A ‘lousy’ deal! – Peter Burke:
The chair of the organisation which represents all the New Zealand dairy companies has hit out at government politicians for failing to deliver a quality FTA with the EU for the dairy sector.
Malcolm Bailey, Dairy Companies Association of NZ (DCANZ), says the parameters the politicians finally set for the negotiations made it virtually impossible for our highly skilled trade negotiators to pull off a good deal for what he calls one of the big engine rooms of the NZ economy – the dairy industry.
“This is a lousy deal, a significantly missed opportunity and sets an awful precedent for any future trade negotiations,” he says.
Bailey, who was in Brussels when the final touches were being put on the deal, says he had a sleepless night when he heard that the message from the Government to the negotiators was ‘anything better than the status quo’. . .
I’ve worked the land for 25 years. Am I a ‘classic Kiwi farmer’ yet? – Craig Hickman:
People like me may not have farming in our blood, but we’re just as passionate about the industry as those born into it, writes Craig Hickman, better known online as DairymanNZ.
The classic Kiwi farmer is Fred Dagg. He’s Wal Footrot. He’s Barry Crump from the classic Toyota Hilux ads.
The classic Kiwi farmer may have gone to university and got a diploma in agriculture, but more likely they got a trade or travelled on their Big OE before returning to New Zealand. When they arrived home, they worked alongside their parents in preparation for taking over the family farm and implementing their new ideas.
Today they’re middle aged, white, conservative, weather beaten and set in their ways. When they get angry, they’ll drive their tractors to town to protest and they most definitely took to Facebook to complain about a recent episode of Country Calendar. . .
Maori Trust-based dairy business seeks dozens more suppliers – Sally Murphy:
A Taupō based dairy company with a point of difference is looking for 40 new farmer suppliers.
Miraka which is owned by a group of Māori trusts uses renewable geothermal energy to power its factory at Mokai.
Company chief executive Karl Gradon said it sources milk from about 100 farms in the central North Island but demand for its products is growing.
“We simply can’t keep up, our products are in high demand at the moment. We’re moving faster into areas such as consumer goods with our partners using their brands and we’re privileged to work with some of the most known brands in China and other parts of the world. . .
Province aims to be nation’s oat milk producer – Luisa Girao:
A Southland initiative got a milky boost from the Government to help in its goal to become the main producer of oat milk in the country.
Economic and regional development minister Stuart Nash visited Invercargill yesterday where he announced the Government would invest up to $6million in New Zealand’s first and largest carbon neutral plant-based beverage processing facility — with oat milk the first product off the production line.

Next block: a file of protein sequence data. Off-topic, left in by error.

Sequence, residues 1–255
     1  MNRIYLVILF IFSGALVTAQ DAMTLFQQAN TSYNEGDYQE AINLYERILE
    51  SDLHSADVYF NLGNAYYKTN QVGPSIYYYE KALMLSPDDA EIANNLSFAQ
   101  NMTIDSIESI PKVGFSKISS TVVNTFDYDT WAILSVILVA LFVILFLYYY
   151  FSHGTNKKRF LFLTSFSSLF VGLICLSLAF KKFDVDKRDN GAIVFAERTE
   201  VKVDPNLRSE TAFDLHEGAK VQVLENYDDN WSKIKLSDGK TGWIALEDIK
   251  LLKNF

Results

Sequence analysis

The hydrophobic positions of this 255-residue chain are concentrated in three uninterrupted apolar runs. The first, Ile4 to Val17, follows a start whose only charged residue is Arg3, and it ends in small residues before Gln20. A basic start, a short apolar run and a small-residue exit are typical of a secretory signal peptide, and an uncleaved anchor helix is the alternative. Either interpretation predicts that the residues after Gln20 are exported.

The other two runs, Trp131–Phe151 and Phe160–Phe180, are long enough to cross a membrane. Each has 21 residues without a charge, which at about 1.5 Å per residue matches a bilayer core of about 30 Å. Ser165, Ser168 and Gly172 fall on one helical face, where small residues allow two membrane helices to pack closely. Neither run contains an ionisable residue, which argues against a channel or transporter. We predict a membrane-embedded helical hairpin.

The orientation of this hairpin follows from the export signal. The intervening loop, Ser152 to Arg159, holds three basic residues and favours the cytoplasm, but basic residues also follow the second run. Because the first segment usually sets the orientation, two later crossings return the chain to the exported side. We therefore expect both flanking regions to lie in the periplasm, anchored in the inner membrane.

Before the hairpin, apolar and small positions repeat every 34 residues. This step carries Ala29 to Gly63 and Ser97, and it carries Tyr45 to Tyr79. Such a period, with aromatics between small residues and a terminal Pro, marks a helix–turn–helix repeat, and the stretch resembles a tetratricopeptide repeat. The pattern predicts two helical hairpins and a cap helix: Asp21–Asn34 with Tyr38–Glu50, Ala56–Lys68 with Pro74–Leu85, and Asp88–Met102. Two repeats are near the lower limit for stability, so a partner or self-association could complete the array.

The project, carried by New Zealand Functional Foods, would bring the construction of a $50million factory in Makarewa to produce 80 million litres of oat milk annually and generate about 50 new jobs when operating by the end of next year.
New Zealand Functional Foods acting chief executive Roger Carruthers said half of the oats grown in the country come from Southland and its quality was among the best in the world. . .
We can all do our bit Barbara Kuriger:
An estimated 40% of food produced globally each year is wasted — totalling 2.5 billion tonnes.
New Zealand households account for more than 157,000 tonnes of it.
July 8 marked the release of Food Waste: A Global and Local Problem, a report by the Office of the Prime Minister’s Chief Science Advisor.
The first in a series of reports the OPMCSA will produce as part of a food waste project, it describes NZ’s wastage as ‘avoidable’ and explains why it’s such a huge problem — environmentally, socially and economically. . .
Congratulations to Tahryn Mason from Villa Maria who became the 2022 Marlborough Corteva Young Viticulturist of the Year on 7 July at the competition held at Giesen House in Rapaura. He will now go through to the National Final which will also be held in Marlborough at the end of August.
Tahryn previously competed in the National Final in 2020 when he represented Auckland and was working for Villa Maria, as he was living there although still working for Villa Maria. Having moved to Marlborough a couple of year ago, he is delighted to now represent the region he now calls home.
It’s been a busy few months for Tahryn as not only has he been studying hard for the competition, but he recently became a father for the first time, making his win feel even more special.
Congratulations also goes to Jess Marston from Giesen Wines who came second and to Daniel Clearwater from Constellation Brands who came third. The other contestants Zac Howell from Villa Maria, Claudia Clark from Constellation Brands and Kris Godsall from Whitehaven all impressed the judges with their knowledge, skills and positive, professional attitude throughout the day. . .